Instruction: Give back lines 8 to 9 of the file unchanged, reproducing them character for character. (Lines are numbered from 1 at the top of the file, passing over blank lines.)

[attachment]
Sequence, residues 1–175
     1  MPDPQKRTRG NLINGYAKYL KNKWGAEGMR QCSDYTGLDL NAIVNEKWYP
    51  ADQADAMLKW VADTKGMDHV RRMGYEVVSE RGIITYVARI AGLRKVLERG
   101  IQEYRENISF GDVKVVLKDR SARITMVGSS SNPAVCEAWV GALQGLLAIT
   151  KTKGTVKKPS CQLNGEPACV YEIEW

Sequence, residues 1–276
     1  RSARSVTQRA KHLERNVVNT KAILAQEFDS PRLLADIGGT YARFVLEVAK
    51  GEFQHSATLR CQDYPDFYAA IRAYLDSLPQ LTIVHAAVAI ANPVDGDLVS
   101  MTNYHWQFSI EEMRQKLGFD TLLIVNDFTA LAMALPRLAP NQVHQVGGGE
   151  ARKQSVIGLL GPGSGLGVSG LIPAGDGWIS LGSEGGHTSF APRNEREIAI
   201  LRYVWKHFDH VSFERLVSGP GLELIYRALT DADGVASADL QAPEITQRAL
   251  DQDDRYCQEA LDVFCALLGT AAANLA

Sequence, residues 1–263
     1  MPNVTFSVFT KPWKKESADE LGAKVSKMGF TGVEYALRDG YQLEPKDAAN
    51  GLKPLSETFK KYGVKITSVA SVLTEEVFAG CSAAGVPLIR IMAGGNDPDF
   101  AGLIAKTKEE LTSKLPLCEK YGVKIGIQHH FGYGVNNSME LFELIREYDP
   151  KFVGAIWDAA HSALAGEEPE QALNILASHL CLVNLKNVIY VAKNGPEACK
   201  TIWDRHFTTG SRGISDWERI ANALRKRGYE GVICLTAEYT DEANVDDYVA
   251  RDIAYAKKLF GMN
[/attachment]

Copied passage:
    51  GEFQHSATLR CQDYPDFYAA IRAYLDSLPQ LTIVHAAVAI ANPVDGDLVS
   101  MTNYHWQFSI EEMRQKLGFD TLLIVNDFTA LAMALPRLAP NQVHQVGGGE